color: SOME SOLDIER'S MOM: Deaths In Our Family

Tuesday, February 15, 2005

Deaths In Our Family

There were four fatalities over the weekend in our son’s Army division. We learned of these deaths in an email from our son’s brigade’s Family Readiness Group (FRG) officer. The Division is large, but it fosters – and is rewarded with – a kinship. A big extended Family. And each unit has it’s own branch of the family – battalion, brigade combat team, company... Each of the family groups has people – flesh and blood – in common. They have skin in the game. It's a bond no one else could understand. And every death is hard. When one of “our” soldiers dies, we (both the soldiers and the family of those soldiers) call it a “hard day” – and we hope out loud that there won’t be many hard days in this deployment.

And while the four deaths were hard and we were truthfully saddened, the soldiers were not from my son’s Brigade Combat Team (BCT) or his battalion or his company or his platoon. Four steps removed. And then, to try and find one more measure of reassurance – clawing for every extra shred of peace of mind, we consulted the map of Iraq and determined that the attacks occurred many miles from our son’s FOB. It wasn’t him. It wasn’t “us”. We still hurt. We still worried. But there is an uncontrollable need to isolate – to insulate – your soldier and, thereby yourself, from that imminent danger. You mutter, “There, but for the grace of God…”

That changed first thing this morning. We received another email from the brigade’s FRG. This one informed us that a non‑commissioned officer (NCO) had been killed by an IED… He was from our son's division… his brigade… his brigade combat team… his battalion… in the town where his FOB is located! Not from his company, but a sister company…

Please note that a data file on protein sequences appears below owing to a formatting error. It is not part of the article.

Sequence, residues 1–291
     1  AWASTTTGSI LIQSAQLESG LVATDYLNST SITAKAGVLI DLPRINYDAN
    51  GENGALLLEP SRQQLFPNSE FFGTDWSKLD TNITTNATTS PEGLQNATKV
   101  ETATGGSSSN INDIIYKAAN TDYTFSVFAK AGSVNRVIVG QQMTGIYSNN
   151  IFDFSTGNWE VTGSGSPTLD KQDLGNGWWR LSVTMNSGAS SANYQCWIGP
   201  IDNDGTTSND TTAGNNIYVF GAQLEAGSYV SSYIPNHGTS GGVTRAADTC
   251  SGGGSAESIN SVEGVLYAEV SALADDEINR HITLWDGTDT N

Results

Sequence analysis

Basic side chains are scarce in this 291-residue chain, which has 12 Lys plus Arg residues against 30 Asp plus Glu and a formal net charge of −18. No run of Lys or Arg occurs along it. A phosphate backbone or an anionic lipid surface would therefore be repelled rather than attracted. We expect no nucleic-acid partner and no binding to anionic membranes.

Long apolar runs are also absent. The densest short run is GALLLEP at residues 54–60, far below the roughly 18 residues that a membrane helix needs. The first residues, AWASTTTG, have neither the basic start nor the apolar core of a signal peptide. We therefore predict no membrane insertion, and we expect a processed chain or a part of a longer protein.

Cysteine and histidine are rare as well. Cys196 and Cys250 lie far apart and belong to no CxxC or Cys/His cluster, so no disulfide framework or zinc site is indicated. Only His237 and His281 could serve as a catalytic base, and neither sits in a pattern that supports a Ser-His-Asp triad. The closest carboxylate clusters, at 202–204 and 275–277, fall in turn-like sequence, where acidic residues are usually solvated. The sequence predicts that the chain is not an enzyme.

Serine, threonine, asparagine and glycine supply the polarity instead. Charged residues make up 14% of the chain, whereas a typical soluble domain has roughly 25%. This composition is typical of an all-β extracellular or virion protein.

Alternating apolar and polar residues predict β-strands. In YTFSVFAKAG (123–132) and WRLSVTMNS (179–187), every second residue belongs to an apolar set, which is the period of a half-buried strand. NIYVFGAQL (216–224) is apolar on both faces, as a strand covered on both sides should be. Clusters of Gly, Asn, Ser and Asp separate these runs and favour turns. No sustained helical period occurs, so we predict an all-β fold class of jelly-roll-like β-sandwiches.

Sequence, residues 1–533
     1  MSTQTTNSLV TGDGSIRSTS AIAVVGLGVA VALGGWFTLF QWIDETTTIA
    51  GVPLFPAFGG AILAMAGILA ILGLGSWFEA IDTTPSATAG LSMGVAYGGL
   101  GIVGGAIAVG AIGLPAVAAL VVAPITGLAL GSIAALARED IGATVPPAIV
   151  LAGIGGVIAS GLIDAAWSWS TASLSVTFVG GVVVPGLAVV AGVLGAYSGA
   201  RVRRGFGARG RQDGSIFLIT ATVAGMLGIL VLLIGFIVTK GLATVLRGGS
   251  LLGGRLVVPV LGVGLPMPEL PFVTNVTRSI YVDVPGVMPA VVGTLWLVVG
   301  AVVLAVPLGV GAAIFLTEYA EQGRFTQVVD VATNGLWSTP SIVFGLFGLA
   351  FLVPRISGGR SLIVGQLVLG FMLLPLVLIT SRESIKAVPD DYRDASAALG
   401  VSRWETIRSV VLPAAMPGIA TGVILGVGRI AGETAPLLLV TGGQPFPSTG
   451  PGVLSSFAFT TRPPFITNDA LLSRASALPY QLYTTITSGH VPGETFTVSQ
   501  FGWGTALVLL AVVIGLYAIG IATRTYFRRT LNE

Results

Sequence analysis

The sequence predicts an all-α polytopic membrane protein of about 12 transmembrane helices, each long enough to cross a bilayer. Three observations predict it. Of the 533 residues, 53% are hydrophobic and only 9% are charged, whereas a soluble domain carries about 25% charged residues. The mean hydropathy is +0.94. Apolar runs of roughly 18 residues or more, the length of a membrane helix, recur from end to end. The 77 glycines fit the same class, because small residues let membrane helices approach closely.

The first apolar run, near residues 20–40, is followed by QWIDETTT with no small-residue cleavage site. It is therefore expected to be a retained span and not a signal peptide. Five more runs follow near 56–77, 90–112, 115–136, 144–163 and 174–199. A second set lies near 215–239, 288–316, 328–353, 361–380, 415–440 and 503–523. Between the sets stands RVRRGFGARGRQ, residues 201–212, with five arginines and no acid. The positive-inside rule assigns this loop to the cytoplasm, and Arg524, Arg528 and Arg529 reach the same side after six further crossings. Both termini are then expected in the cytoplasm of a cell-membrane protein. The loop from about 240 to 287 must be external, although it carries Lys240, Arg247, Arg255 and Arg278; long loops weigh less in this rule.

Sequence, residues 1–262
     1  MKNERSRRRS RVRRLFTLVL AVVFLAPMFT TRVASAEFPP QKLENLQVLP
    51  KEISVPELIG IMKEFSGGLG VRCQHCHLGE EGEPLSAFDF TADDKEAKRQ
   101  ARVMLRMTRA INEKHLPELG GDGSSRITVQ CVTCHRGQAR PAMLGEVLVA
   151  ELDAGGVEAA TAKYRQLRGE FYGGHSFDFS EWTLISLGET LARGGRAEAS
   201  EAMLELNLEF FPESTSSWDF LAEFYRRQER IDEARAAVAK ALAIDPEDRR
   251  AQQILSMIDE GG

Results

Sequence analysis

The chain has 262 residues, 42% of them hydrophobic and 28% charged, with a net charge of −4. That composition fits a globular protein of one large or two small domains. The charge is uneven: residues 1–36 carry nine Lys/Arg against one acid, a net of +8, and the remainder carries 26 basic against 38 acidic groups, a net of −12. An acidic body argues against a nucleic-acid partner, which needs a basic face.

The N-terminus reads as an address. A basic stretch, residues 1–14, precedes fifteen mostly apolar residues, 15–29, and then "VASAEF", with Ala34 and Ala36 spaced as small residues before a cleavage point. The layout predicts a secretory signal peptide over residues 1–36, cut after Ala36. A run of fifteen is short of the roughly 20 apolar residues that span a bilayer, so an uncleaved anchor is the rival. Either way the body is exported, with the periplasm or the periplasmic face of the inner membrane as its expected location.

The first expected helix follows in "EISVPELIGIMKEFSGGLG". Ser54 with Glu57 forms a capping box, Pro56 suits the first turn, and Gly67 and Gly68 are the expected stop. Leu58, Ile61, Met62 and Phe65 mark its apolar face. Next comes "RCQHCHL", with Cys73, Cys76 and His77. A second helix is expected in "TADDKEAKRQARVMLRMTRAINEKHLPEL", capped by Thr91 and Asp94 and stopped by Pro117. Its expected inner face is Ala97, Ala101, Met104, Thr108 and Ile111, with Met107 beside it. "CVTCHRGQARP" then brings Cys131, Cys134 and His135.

But our son drives for or rides with the NCOs all the time... I was overwhelmed by waves of emotions, starting after my initial audible gasp when I saw the unit designation. My eyes and my thoughts jumped around like ricochets and my heart raced. Then I saw the name… the family had been notified… no one had been at my door, so it was not my son… not my “adopted” sons either. Do I know him? No the name’s not familiar. I mentally wailed in relief, and was immediately repulsed by a wave of guilt when realization dawned on what I had just thought! I had been holding my breath and exhaled.

Later in the day, I told a high school friend, “Of course, you know in your mind that this is war and soldiers die, OTHER soldiers, not YOUR soldiers. It was just too close to home. Deployed just 30 days and less than 2 weeks in the box. This sucks.” My friend, a Vietnam vet, replied, “Yes this one was too close to home. Time to ramp up the prayers a notch or two.” Or three.

“Lord, hold our troops in your loving hands. Protect them as they protect us. Bless them and their families for the selfless acts they perform for us in our time of need. I ask this in the name of our merciful and caring God.”
Update: The NCO was SFC David Salie. Sgt. Salie leaves a wife and three children to mourn his passing... and celebrate his life. SFC Salie was one of Noah's Airborne instructors.

5 Comments:

At 2/16/2005 9:44 AM , Blogger Sean from DocintheBox said...

I'm sorry to hear that but like you I'm glad to hear your son is alright.

 
At 2/16/2005 9:48 AM , Blogger The Violin Duchess said...

Whew! What an emotional time you are haning. Just know that you and your family are in my prayers. I really enjoy reading your posts so keep us informed. Tootles.

 
At 2/20/2005 7:00 AM , Blogger Jen said...

I can only imagine how your heart must stop when you hear news like that. I pray that you won't have to experience that very often while your son is gone.

 
At 2/22/2005 11:33 AM , Blogger Deanndra said...

I cannot even begin to imagine what you're going through. Please know that I am praying for you, your family, all of them. I know that no amount of prayers will make it better until they all come home, but hopefully if we lift enough prayers up to God, He'll protect as many as possible. And please, thank your son for his service to my country, his country, our country.

He, and his other family members, are my heroes.

 
At 5/18/2005 8:10 PM , Blogger Army Wife said...

We will continue to pray harder for those that are in dire need, Godspeed to those good and brave men.

 

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